Your essential guide to smart industry adoption

Operator of machine / industrial worker in an orange hard hat.


Smart industry is reshaping the way that businesses manufacture products and manage supply chains – but what is it exactly? And how can industrial businesses keep pace with the evolution of connected operations? 

It wasn’t that long ago that efficiency in industrial companies depended on people power and heavy machinery alone. Departments operated in silos, with staff working around manual control systems on the factory floor. Decisions were guided more by tradition than data. Maintenance was reactive, communication was limited and waste was considered just another consequence of getting things done. 

Fast forward to today and smart industry solutions such as ERP and MRP are changing physical workplaces into digital, data-rich environments that deliver greater efficiencies than most ever thought possible. Research from Gartner shows that 86% of manufacturing leaders already consider smart industry to be an integral component of their operations and supply chain management; yet less than 50% have fully deployed a strategy across their organisation. [1]

This variance spells huge opportunity for those that get it right. Let’s take a closer look at the ins and outs of smart industry, and explore how best to harness its potential.

Smart industry explained

In the same way that smartphones have transformed our concept of personal communication, smart industry has fundamentally changed how manufacturers, distributors and sellers operate across supply chains. 

These are the main elements to keep in mind:

Automation – Workflow automation is a cornerstone of smart industry, enabling businesses to streamline things like sales order processing, inventory management, production planning and resource allocation. Systems also ping notifications and alerts for critical events or delays so that production managers never miss a beat, even when focusing on other areas of operations.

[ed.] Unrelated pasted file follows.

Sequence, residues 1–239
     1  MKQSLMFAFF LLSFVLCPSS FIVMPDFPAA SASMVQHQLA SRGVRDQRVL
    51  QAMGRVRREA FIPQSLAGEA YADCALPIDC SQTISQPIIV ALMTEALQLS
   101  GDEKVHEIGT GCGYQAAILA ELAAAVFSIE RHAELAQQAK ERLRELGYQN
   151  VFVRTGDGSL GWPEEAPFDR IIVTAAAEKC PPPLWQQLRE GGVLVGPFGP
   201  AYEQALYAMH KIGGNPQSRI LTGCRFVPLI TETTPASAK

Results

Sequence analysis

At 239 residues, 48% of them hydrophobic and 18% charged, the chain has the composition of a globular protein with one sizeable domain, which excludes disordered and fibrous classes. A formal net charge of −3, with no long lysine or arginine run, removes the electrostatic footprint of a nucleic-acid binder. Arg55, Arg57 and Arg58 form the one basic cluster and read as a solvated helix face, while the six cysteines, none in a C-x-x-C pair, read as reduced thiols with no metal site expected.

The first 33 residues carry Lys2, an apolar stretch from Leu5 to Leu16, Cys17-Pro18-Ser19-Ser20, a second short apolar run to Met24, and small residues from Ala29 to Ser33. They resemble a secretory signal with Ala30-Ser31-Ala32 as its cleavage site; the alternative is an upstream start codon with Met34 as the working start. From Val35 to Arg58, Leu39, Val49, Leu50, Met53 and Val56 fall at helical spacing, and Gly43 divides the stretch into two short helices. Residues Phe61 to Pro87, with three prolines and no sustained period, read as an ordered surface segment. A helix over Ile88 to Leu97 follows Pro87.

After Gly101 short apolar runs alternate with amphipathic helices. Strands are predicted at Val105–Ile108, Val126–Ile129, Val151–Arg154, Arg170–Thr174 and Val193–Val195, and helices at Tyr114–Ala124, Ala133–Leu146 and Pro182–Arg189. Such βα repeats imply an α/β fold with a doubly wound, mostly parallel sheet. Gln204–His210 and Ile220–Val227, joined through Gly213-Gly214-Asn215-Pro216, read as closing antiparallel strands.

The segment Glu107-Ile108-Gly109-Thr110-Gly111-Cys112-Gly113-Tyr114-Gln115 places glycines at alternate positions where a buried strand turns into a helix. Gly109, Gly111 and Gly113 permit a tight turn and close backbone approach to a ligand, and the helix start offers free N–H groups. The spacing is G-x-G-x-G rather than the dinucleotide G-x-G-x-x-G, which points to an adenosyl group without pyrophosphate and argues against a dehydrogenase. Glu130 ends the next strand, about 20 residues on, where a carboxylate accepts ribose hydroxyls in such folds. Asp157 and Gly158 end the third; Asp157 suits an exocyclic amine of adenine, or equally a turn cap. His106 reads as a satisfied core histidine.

Cloud computing – Cloud computing is the framework behind your entire IT infrastructure, providing easy access to scalable resources and agile software solutions. Unlike the on-premise systems of old, modern cloud networks allow authorised access and remote monitoring from any location, which means managers and staff don’t always need to be at a central site to manage industrial operations.

Internet of Things (IoT) – In essence, the IoT is the foundation of data collection and connectivity in smart industry. Industrial businesses can make more informed decisions and are more adaptable to the changing landscape of industrial processes. This enhanced interconnectivity can be a huge competitive advantage for businesses that get it right, and it’s a core factor in the quality of modern employee experience.

Data analytics – With various software and devices capturing data on site, manufacturers now benefit from real-time insights into operations and productivity. Data therefore becomes vital to highlight recurring trends, reduce downtime, inform strategic decisions and offer full visibility of organisational performance.

AI – Although we’re in the early stages of AI adoption, businesses that take steps to integrate machine learning and predictive analytics now will likely gain a competitive advantage within their industry for years to come. AI tools already offer enhanced capabilities to identify faults, detect anomalies in production and optimise manufacturing processes by adjusting parameters in real time.

Why smart industry matters to supply chains